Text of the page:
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Monday, 9 October 2017

Hull Jazz Scene

From John Marley

Although it may come as a surprise to many, Hull has a vibrant jazz scene that dates back to the 1960’s. On an average week, there are at least 4 opportunities to hear live jazz in the city. Local musicians and enthusiasts have been integral in creating some of the longest running jazz clubs in the north.

Hull Jazz Club can be traced as far back as the 1960’s when it was run by the local legend John ‘Blind Lemon’ Holborn. Still performing, Blind Lemon is one of those characters that make local music scenes great. Always immaculately dressed and full of wit, Lemon regularly appears at jam sessions in the city to play his signature blues Frankie & Johnny. Hull Jazz in its current form was launched in 1983 by bassist and banjo player Ken Ford who sadly passed away last year. A grassroots promoter in its purest form, Ford brought some of the biggest names in British jazz to the club as well as running regular players nights. Since his passing, the club is being kept alive by a small group of hard working volunteers. Running on a Wednesday at The Goodfellowship Inn on Cottingham Road, upcoming highlights include the Hull Big Band on October 18th & Route De Django on November 29th.

Another long running jazz session happens at Pave Bar which is located in the fashionable Avenues area of the city. The jam session, which has taken place every Tuesday for a decade sees guest musicians join the Rob Law Trio. The front liners include vocalists Jenny Smith & Kate Peters as well as horn players Ben Lowman, Rod Mason & Stuart Garside. Due to the bar’s location and the lack of admission fee, the jam has a varied and vibrant audience that is made up of jazz fans, drinkers and students. Pave also runs a Sunday afternoon session with smaller ensembles for diners to enjoy. Georgina Barr, Dan Edwards and Martin Jones are amongst the regular rotation of performers.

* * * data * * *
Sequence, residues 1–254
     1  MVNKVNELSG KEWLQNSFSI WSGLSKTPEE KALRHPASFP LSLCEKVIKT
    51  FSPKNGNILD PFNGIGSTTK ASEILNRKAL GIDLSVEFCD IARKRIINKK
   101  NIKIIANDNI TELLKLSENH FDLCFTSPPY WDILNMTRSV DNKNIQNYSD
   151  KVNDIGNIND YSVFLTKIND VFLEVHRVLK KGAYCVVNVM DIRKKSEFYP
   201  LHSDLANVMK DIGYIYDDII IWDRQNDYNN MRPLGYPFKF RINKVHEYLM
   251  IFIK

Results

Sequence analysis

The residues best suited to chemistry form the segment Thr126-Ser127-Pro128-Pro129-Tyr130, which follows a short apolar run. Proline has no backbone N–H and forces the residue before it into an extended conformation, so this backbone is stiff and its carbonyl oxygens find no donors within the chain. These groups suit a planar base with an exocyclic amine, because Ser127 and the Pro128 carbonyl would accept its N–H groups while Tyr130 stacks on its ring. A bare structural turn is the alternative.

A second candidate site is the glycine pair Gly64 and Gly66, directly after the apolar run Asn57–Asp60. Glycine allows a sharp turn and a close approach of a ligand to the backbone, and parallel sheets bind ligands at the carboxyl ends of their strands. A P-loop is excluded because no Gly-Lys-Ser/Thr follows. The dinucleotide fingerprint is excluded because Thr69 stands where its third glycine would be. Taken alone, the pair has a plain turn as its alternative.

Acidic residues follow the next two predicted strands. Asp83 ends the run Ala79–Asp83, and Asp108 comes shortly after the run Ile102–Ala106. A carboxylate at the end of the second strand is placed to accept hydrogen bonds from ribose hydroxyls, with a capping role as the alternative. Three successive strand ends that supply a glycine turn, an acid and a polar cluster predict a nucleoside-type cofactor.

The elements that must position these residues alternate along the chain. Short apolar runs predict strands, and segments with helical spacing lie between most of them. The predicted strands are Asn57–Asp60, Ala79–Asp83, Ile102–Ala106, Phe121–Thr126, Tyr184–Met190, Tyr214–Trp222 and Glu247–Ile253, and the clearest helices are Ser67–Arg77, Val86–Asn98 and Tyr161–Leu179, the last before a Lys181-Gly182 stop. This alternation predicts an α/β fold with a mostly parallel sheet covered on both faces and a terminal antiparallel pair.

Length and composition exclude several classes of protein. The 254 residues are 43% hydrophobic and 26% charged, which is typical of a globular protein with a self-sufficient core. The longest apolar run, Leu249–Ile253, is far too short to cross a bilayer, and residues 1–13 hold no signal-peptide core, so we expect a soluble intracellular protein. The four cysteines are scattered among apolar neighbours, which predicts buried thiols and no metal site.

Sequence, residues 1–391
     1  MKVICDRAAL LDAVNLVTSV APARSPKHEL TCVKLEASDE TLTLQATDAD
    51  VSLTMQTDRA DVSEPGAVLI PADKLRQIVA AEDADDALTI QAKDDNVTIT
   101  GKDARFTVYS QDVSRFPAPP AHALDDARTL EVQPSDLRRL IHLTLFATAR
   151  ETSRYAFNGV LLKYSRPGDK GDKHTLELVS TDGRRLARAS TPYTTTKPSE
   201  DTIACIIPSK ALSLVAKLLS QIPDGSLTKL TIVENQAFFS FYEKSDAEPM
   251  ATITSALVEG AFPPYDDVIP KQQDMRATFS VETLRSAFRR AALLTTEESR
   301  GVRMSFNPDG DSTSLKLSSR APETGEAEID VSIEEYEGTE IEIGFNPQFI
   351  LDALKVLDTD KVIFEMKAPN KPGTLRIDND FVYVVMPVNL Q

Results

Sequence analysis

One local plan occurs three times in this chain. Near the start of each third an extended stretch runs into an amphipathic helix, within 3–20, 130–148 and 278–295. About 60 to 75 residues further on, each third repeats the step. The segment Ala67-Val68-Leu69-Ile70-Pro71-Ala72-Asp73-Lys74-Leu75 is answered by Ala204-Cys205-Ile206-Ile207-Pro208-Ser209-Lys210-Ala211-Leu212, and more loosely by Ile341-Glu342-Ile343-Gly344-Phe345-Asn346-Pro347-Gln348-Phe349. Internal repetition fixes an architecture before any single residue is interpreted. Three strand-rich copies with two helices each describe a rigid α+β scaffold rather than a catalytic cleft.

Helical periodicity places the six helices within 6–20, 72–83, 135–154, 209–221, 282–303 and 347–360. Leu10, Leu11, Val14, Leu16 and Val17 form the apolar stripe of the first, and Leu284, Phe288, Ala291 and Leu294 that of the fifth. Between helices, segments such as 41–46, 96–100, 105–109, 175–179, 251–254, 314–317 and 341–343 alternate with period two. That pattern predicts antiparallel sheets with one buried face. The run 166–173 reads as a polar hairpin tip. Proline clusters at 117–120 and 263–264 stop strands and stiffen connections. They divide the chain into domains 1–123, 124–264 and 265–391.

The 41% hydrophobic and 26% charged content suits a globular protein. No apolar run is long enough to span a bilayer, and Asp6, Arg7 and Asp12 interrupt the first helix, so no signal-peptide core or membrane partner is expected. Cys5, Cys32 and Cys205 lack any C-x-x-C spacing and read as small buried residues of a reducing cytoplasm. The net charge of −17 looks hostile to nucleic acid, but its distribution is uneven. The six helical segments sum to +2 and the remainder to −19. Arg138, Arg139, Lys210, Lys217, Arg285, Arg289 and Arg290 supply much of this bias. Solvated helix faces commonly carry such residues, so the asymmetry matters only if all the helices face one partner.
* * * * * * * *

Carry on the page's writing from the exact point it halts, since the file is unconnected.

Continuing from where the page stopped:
The most recent gig to emerge in Hull’s jazz scene takes place at 4.30pm every Sunday at the Humber Street Gallery. Humber Street is an artery of the old town that has seen a great deal of regeneration in recent years. When the sun is shining, the street has a bustling atmosphere with a heady mix of shoppers and culture vultures. The gallery jazz session takes place in the cafe and features duos. Organised by bassist George Beastall, he is regularly accompanying musicians such as Nicki Allan & Thom Whitworth.

One of the biggest events in the Yorkshire jazz calendar is the Hull Jazz Festival. In recent years the festival has been split into 2 parts with a Summer and Winter edition. This year, they are celebrating their 25th anniversary in style. Jazz guitar legend Pat Metheny will be leading a quartet on Sat 11 November to open the festival which will also features performances by GoGo Penguin, Arun Gosh and Andy Sheppard.

One of Hull’s most famous jazz connections comes not in the form of a musician but that of a writer. Philip Larkin was a librarian at The University of Hull, during which time he wrote many of his most well known works. As well as his poetic compositions, Larkin was also a keen jazz fan and the jazz critic for the Daily Telegraph. His outspoken jazz reviews were often full of controversy due to his his criticism of modern jazz. Larkin favoured early styles of jazz performance and this preference is apparent in his writings which have been compiled in a book, All What Jazz: A Record Diary 1961–1971.

For those looking to do further reading on the history of Hull’s jazz scene, a fascinating book was released in 1991 entitled Hull Jazz and Jazzmen. Compiled by Laurie Dex, the book features interviews with local musicians who have been part of the scene since its beginning. The book gives a powerful insight into the development of a local music scene from those who helped to create it.

John Marley

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